At first, if I went to the dark side I could be gone for hours, days before I realised I had drifted. The longer I was gone the harder it is to pull myself back to the light. Now, if I find myself in a negative rut I can identify quickly. I reassess my routine and tighten up where I’ve been slacking. A quick routine adjustment and I’m back on the positivity wagon.

I started putting this concept on paper. Brainstorming how I could deliver this to veterans in a way that would help them stay away from the dark side. So many veterans (and civilians) need to rediscover what it was like to be highly motivated and ambitious in life.

The first model was to buy a farm and start a veterans retreat. A place where veterans could come and learn the principles I had been practising.

I found this idea popular amongst the boys but the setup costs were too high. The idea is not currently feasible. Phase 2 I think.

I sat on the concept for a few years. Slowly adding to the program as I learned new hacks and read new research. Time was passing and the idea was getting dusty. I simply wasn't making it enough of a priority to get it going.

Unfortunately, the catalyst that got me in gear was a tragic one. In 2017, Jesse Bird aka Big Bird took his own life. A brother from the big blue 1, Birdie was one of the boys who loved talking about the idea of the farm. Every time we got on the sauce we went through the plan. We would tweak the idea and wrap up the conversation by saying “we have to stop talking about it and do it", but we never did.

After Birdie's funeral, I made the completion of this project my main priority. I looked at the idea from every possible angle and made sure the delivery method would be one that could reach the greatest number of veterans without being cripplingly expensive to run.

My ex-wife, Ana, a website and app designer, was running Drool Digital at the time with my brother Ben, a software engineer. They showed me how effective the concept could be if delivered through an app. Things started to move.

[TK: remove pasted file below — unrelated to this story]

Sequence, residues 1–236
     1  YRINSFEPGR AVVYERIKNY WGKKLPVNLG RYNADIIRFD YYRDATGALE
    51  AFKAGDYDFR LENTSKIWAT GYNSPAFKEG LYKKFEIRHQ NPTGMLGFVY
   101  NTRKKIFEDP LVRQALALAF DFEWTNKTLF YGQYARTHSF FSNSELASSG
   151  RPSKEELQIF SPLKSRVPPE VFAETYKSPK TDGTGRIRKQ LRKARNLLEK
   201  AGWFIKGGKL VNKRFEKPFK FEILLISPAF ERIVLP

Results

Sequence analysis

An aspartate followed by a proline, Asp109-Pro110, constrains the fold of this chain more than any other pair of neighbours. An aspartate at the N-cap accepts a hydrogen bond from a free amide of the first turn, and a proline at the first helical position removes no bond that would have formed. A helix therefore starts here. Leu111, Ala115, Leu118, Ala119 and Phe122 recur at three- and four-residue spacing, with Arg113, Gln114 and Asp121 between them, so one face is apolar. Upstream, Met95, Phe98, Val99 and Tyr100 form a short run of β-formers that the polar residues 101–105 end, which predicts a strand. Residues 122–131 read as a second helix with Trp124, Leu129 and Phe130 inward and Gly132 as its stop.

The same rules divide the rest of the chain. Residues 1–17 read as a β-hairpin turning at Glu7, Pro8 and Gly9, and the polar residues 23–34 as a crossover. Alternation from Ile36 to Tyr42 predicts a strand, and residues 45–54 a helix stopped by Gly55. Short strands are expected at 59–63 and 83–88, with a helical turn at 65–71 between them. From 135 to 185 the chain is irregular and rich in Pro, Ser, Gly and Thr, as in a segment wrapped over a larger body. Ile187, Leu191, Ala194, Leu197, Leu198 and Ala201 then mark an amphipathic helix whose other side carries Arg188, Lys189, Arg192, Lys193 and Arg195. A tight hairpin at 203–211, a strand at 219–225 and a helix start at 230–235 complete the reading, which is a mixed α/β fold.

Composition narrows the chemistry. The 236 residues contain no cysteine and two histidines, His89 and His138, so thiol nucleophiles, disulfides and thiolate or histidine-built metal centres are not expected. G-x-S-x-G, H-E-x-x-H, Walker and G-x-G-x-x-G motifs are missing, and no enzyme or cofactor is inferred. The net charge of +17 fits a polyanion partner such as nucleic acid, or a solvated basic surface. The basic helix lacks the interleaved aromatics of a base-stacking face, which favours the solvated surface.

With our flagship mental health tool in development, it was time to come up with a name. We landed on a name that leaves a lot of people asking,

Why Swiss?

One of the major causes of mental health decline in life after service is Identity. As humans, we align the values of a person or organisation with their identity. We know that brand names with links to government, war, warriors, conflict, or injury, would alienate veterans who do not align with those names. Some veterans don't want to associate with the government anymore, some don't want to been seen as broken or injured because they are not, some don't want to identify with conflict, and some don't identify themselves as warriors. We wanted to build an organisation that was neutral ground. Neutral not just to veterans from different nations and conflicts, but civilians, the general public who need the tools created by our lived experience veterans to improve their lives. Switzerland is an internationally recognised nation that remains neutral through global conflict. We are Switzerland. 

Like all good brand names, our brand identity has layers.  Not only do we want to provide neutral ground, but we also want to encourage all humans to aim high, to put in the work and become better at life. Again, aligning with the values of Swiss 8 trains, Swiss chocolate, Swiss watches and of course, Swiss tennis players, Swiss 8 encourages you to pursue excellence. 

Swiss Technologies Ltd. T/A Swiss 8 is a health promotion charity registered with the ACNC. If you would like to support us, please click the donate link above or email us to discuss partnership concepts.